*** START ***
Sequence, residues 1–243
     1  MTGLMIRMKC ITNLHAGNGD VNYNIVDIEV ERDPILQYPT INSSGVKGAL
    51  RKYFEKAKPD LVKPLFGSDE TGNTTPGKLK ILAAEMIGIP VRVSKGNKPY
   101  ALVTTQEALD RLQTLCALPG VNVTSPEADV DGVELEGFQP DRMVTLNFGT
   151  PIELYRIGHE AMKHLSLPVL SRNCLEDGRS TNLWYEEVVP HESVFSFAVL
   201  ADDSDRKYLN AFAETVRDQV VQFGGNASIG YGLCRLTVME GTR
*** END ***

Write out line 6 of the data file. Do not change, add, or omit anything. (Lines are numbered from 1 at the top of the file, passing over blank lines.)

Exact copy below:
   201  ADDSDRKYLN AFAETVRDQV VQFGGNASIG YGLCRLTVME GTR